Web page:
The final surrender


THE JAPANESE surrender in Singapore was a day for the British to savour, revenge for their greatest humiliation of the war. Yet as people celebrated their freedom, the authorities proved utterly unable to catch the spirit of the moment.

Amateur photographers were out in force as some of Japan's most senior commanders arrived at the Municipal Buildings in Singapore on 12 September 1945 to surrender. Camera shutters clicked as they climbed the steps to a ceremony which they would have once regarded as unthinkable.

Afterwards, as Admiral Louis Mountbatten, Supreme Allied Commander in South-east Asia, read a proclamation, servicemen standing just yards away took more pictures. It would be something to show their children and their grandchildren, a piece of history for the family scrapbook. Days later, however, the heavy hand of authority descended and an order issued that any pictures not taken by official photographers were to be handed in with the negatives for destruction. For years only the official version of the war had been allowed and now the fighting was over, officials could not loosen their grip.

Aboard HMS Beachy Head, a maintenance and repair ship, Leonard Harris decided that the photographs he had been given by a fellow sailor were too good to lose. Mr Harris, an electrician who had joined the Royal Navy in 1943, hid them in his toolbox. Years later he told his son Brian, now a photographer with the Independent, how he had defied the authorities and kept the photographs of the surrender of 650,000 Japanese troops throughout South-east Asia. Today we are publishing them for the first time.

The surrender of 130,000 British and Indian troops in Singapore on 15 February 1942 had been the greatest defeat in British military history. Singapore had fallen after just a few days fighting, a great lynchpin of the British Empire made indefensible by a lightning Japanese advance through Malaya. Three and a half years later it was the turn of the Japanese to surrender the city and its crucial naval base. The British had set the scene carefully, decorating the chamber inside the Municipal Buildings with a picture of King George VI which had remained hidden in the local museum throughout the occupation.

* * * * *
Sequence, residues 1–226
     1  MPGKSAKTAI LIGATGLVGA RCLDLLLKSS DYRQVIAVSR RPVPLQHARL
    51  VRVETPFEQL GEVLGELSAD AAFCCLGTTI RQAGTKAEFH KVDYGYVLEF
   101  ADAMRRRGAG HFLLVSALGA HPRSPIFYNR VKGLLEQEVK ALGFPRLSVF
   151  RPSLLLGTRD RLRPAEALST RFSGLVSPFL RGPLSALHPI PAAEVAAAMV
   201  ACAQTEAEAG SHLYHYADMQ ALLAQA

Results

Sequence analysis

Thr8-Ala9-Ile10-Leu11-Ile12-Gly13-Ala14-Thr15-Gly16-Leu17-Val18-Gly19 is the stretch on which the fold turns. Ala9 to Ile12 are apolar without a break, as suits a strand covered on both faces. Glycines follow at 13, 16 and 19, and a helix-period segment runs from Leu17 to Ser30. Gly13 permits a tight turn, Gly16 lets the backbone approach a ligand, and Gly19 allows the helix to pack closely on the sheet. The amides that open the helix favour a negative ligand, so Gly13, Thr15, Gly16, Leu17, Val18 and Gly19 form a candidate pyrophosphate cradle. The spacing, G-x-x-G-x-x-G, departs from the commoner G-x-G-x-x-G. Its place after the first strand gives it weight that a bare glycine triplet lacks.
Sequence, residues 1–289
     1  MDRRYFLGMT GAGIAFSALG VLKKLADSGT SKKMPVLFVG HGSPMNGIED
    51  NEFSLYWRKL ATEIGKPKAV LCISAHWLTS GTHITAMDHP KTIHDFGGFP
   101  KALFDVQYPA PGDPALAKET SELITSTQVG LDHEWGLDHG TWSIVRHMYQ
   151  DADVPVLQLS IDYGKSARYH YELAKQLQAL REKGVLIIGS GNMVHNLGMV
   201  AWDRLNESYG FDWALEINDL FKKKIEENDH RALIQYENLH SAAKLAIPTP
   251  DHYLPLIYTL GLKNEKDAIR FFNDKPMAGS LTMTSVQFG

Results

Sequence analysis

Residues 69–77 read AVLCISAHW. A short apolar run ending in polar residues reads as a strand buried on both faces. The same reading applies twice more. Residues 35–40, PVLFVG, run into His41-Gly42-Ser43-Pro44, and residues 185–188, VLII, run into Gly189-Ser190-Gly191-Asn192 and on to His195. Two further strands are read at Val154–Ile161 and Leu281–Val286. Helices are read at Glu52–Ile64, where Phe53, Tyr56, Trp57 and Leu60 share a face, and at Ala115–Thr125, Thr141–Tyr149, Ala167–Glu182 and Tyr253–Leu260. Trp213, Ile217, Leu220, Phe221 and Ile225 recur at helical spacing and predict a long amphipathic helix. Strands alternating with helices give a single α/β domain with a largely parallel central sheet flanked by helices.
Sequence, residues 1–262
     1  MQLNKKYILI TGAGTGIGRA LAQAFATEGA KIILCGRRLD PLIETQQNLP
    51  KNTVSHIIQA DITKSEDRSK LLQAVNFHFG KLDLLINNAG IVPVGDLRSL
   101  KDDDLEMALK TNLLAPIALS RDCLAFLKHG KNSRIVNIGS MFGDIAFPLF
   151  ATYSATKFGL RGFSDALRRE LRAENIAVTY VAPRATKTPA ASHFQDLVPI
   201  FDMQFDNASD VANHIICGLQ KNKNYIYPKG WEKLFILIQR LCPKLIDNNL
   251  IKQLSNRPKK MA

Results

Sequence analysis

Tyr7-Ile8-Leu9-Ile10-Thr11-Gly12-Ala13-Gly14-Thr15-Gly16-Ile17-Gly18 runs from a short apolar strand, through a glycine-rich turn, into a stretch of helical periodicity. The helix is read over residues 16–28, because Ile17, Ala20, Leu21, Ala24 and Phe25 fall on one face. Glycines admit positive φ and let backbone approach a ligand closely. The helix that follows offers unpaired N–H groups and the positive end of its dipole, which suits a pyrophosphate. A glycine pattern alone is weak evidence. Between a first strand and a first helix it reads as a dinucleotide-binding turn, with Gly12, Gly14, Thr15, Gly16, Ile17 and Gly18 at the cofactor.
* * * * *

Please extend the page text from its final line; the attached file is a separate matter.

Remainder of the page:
Admiral Mountbatten and Lieutenant-General RA Wheeler, his American deputy, were driven to the ceremony by a recently released prisoner of war through streets lined by sailors and marines from the East Indies Fleet. They were met at Municipal Buildings by General Sir William Slim, Admiral Sir Arthur Power and Air Chief Marshal Sir Keith Park, his army, navy and air force commanders. Mountbatten inspected four guards of honour, including one of Australian paratroopers, before all except the Supreme Commander took their places inside.

As the massed bands of the fleet played "Rule Britannia" and the Royal Artillery fired a 17-gun salute, excited servicemen watched from behind the guards lining the steps. They were straining to catch a glimpse of the leaders whose men had once seemed unbeatable, almost supernatural enemies.

General Seishiro Itagaki, commander of the 7th Area Army based in Singapore, arrived with two other army commanders, an air force chief and two admirals. Silently they were escorted up the steps and sat at the table reserved for them inside.

Field Marshal Count Terauchi, Supreme Commander of all the Japanese forces in South-east Asia, was not there, pleading sickness. A suspicious Mountbatten had sent a doctor to examine him before the ceremony who reported that he was indeed recovering from a stroke.

Both sides rose as Mountbatten entered and read the instruments of surrender before he and General Itagaki signed 11 copies for the various Allied governments. The Japanese were escorted away, Slim accompanying them for some of the way as though he wanted to make certain of his final victory.

Mountbatten stood at the top of the steps flanked by Slim and Power on one side and Wheeler and Park on the other and read out an order of the day announcing the surrender which was read simultaneously to all Allied units in South-east Asia.

A Union Jack which had been hidden in Changi jail, Singapore, by British prisoners since 1942 was hoisted at the saluting base in front of the buildings to the strains of the British national anthem. In the streets of Singapore, where so many civilians had been slaughtered by the Japanese, people danced joyfully.

Leonard Harris is now dead, but the pictures he kept in defiance of authority remain as fascinating snapshots of a scene which nobody who was there will ever forget - and as a monument to official bloody-mindedness in the moment of victory.

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